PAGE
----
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Justice depends on confrontation: The pre-socratics speak out

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    Justice depends on confrontation: The pre-socratics speak out


    The Greek philosophers are deceptive. It is easy to take the position that they are almost contemporaries because they make so much contemporary sense. Essentially, this paper will take the opposite position in contending that any such interpretation of the Greek philosophers has to ignore so much of the territory in dispute as to miss much of the meaning.
    In “Sometimes Worthy Homer Nods,” but not often, we isolated a position in Homer which turned out to be the inverse of the modern practice of holding the individual as constant and his emotions as variables, in saying that the emotions are the constants and their environmental expression the variable.
    The pre-Socratics are a group of thinkers represented by a handful of fragments. These philosophers sought to find the wisdom for manipulating their reality in themselves rather than delegating the primary cause of change to the gods. In essence, the Greek philosophers were interested in the power to manipulate their own emotional and physical reality by speculating on the sources of the power necessary to do so and on the attitudes and knowledge necessary for the realization of this goal. Emotions remain as the primary reality test as to the state of one’s particular purpose but the scope of that purpose has broadened to include concerns that were formerly the property of the gods. The pre-Socratics, while speculating broadly, were indelibly pragmatic in seeking a satisfactory, useful means of dealing with what they saw and how they felt about it. Their success at this is reflected in the longevity of active speculation concerning their conclusions and by the mystical and semi-mystical schools that grew up around them. They proposed not simply an explanation of reality, but a mode of behavior in dealing with that reality.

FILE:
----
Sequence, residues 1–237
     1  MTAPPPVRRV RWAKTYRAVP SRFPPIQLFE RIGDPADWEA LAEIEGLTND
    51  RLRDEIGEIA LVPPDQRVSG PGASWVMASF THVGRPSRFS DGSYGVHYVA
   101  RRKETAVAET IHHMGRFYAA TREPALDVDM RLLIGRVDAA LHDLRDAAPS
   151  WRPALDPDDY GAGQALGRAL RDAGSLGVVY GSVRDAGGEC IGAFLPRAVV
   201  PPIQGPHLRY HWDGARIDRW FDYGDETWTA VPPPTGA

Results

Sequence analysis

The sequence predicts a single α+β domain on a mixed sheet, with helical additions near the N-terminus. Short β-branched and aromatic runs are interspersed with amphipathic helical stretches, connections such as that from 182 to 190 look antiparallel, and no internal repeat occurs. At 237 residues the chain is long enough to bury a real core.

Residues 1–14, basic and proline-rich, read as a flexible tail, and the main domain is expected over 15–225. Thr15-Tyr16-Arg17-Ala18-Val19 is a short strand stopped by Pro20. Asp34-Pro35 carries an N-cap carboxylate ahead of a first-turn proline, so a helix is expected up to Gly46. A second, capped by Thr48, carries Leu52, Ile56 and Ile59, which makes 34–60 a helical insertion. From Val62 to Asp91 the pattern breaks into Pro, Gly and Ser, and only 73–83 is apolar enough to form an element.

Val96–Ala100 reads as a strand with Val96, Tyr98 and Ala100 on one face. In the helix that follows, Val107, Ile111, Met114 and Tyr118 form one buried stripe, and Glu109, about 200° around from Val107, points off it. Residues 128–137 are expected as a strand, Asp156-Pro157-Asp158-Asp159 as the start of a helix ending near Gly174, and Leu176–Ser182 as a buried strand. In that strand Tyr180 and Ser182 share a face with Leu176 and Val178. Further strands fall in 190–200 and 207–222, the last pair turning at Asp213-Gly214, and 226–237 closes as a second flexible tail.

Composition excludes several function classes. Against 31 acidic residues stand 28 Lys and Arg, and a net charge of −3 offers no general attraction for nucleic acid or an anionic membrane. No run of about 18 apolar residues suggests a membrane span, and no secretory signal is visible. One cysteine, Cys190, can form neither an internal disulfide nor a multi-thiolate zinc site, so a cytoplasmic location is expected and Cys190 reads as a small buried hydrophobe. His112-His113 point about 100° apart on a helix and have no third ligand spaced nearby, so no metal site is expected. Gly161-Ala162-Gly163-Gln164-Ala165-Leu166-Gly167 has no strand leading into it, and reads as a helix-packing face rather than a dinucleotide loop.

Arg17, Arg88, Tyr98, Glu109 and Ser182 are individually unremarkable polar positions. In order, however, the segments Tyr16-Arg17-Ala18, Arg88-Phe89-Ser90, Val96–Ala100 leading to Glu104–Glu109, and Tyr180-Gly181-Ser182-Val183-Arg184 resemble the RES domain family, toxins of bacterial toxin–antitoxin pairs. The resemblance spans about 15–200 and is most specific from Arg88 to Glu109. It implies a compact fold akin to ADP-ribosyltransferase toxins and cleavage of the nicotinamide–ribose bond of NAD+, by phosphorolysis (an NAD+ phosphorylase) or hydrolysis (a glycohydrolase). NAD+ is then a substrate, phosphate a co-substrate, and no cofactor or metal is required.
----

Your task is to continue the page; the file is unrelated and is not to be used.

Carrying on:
However, the beginnings of this speculation are not to be found in the pre-Socratics. They reflect a long process. In the pre-Olympian gods one finds a fixed positional consistency that is not present in the Homeric gods. One is impressed by the almost total lack of personification in these more ancient deities. They represent laws that are not subject to review. In a sense, the younger gods of Olympus are the progenitors of contingent reality and a departure from "the Mind of the Past." The ancient gods show the fixed morality of a tribal ethos. The very existence of rational gods whose positions on any given problem are defined not traditionally but situationally is a precursor to the speculation of the later Greeks. In essence, the younger gods themselves were the first challengers of tradition. In the nature of their speculations, the pre-Socratics can be seen in many ways to harken back to this older tradition in seeking the general laws that operate in existence.
    In the pre-Socratics we are faced with a difficult task of interpretation, primarily because of the fragmentary nature of the material. However, one theme does run fairly consistently throughout, that being the problem of seeming. What is the relationship between emotion, intellectual and physical reality, or more basically between mind and matter. We have seen how this question is answered in Homer; now we will go through the pre-Socratics seeking both variations and similarities with an eye on whatever continuity may be present throughout.
    The evidence concerning Thales' position is limited to one fragment:

    Some say that it (soul) is intermingled in the universe, for which reason perhaps, Thales also thought that all things are full of gods.1

    This is basically a repetition of the animistic Homeric view and shows very little change from the assertion that Achilleus "does dishonor to the dumb earth in his fury."
    In Anaximander we see the first hint of a teleological purpose superseding the gods:
    And the source of coming-to-be for existing things is that into which destruction too happens, "according to necessity; for they pay penalty and retribution to each other according to the assessment of time."2